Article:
Red-naped Sapsucker (Sphyrapicus nuchalis)
Associated Species: Other species that may use habitat in a similar way and/or respond similarly
to threats, management, and conservation activities include Violet-green Swallow, Purple Martin,
and Mountain Bluebird. Other species associated with mature aspen stands include Cooper's
Hawk, Broad-tailed Hummingbird, Western Wood-Pewee, Warbling Vireo, and House Wren.
Distribution: Red-naped Sapsuckers breed from southern British Columbia and Alberta south in
the Rocky Mountains to central Arizona and New Mexico, and from eastern Washington, Oregon
and California east to the Rocky Mountain front. In Colorado, they are fairly common breeders in
the foothills and lower mountains, especially aspen forests. They are rare spring and fall migrants
and very rare winters resident in the Four Corners area.
Habitat Requirements: Breeding habitat for Red-naped Sapsuckers in Colorado is aspen forests
or conifer forests mixed with aspen. They are most strongly associated with mature aspen
woodlands. Aspen and other hardwoods may be important for successful reproduction and
foraging, especially in close proximity to small openings and riparian zones with abundant
willows. They will preferentially nest in aspen, even when conifer snags are available.
Ecology: These sapsuckers arrive in breeding habitats by mid April and begin nesting in early
May. They raise only one brood each season. Their nests are placed almost exclusively in aspen
or other deciduous trees, and they construct new cavities each year, frequently in the same tree.
Nest trees are either green with heartrot, or dead. The abandoned nest cavities are important
nesting substrate for many secondary cavity nesters, and may be a critical habitat feature for some
bats. Their territory size is 2 to 5 ha (5-12 ac). In Colorado, nest trees average 23.3 cm (9.2 in)
dbh and 1 to 10 m (3-35 ft) in height. Orientation of nest cavities is generally southward. Their
diet consists of insects, tree sap from sap wells, and some fruit; they also hawk flying insects.
Management Issues and Conservation Recommendations: These birds respond well to partial
harvesting with small to moderate sized patch clear-cuts. Maintain at least 50% of management
areas in uncut patches. Retain aspen snags greater than 25.4 cm (10 in) dbh, especially near
riparian zones, water sources, and habitat edges. Snag densities in mature stands should exceed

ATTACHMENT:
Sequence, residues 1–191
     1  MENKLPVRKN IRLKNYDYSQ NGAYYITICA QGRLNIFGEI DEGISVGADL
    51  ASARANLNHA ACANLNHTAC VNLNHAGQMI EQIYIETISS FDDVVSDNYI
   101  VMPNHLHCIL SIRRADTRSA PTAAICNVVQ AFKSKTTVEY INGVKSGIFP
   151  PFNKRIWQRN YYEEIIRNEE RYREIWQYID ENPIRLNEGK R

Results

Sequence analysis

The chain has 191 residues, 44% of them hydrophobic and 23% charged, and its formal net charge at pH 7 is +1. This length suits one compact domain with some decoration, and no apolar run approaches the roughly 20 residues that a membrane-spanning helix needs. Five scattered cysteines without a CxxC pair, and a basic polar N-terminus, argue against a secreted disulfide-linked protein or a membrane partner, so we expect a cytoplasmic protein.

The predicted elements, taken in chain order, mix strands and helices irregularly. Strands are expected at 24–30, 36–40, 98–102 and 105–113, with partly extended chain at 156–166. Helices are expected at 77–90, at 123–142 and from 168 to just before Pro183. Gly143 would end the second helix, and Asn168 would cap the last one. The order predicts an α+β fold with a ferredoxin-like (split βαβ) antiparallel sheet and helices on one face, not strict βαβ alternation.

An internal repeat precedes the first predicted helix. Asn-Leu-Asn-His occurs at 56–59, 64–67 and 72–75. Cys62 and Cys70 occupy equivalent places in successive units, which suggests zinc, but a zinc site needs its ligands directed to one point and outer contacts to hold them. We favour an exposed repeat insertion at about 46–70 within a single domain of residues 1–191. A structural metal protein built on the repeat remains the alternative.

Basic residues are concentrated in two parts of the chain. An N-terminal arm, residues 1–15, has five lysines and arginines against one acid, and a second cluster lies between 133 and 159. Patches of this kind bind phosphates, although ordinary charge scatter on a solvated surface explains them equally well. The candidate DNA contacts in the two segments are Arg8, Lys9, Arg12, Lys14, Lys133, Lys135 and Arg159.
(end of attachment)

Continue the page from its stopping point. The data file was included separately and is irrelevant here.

15 per 4 ha (10 ac). Maintain disturbance regimes, natural and mechanical, and the dynamic
nature of aspen communities at the landscape scale. Where natural disturbance mechanisms
cannot be reintroduced, mechanical disturbance events should mimic, as closely as possible, the
disturbance history of the local area and surrounding habitats.
Decay-infected green trees are preferred for cavity construction and are often reused for several
consecutive seasons; individuals may show strong site fidelity. Maintain sufficient snag and live
cavity-tree densities within commercial harvest areas.
Status and Reasons for Concern: Population trends of this species are not adequately
monitored by the BBS in Colorado, but populations appear to be stable or slightly increasing at
the continental scale. Breeding densities of 5-10 pairs per 40 ha (100 ac), and 14 nests per 1.4
km2 have been reported. They were present on an average of 49.86% (SE = 4.44) of the BBS
routes run in Physiographic Area 62 in Colorado, 1988-1998, at an average abundance of
1.11(SE = 0.17) individuals per route. The mean number of routes run each year was 21.1 (SE =
3.06). This species is monitored by MCB with point transects.
Biological Objective: Maintain the species' distribution and abundance, based upon results of
the BBS and MCB monitoring programs.
Selected References: Andrews and Righter 1992, Baicich and Harrison 1997, Dobkin 1994,
Ehrlich et al. 1988, Kalcounis and Brigham 1998, Kingery 1998, Price et al. 1995, Yanishevsky
and Petring-Rupp 1998.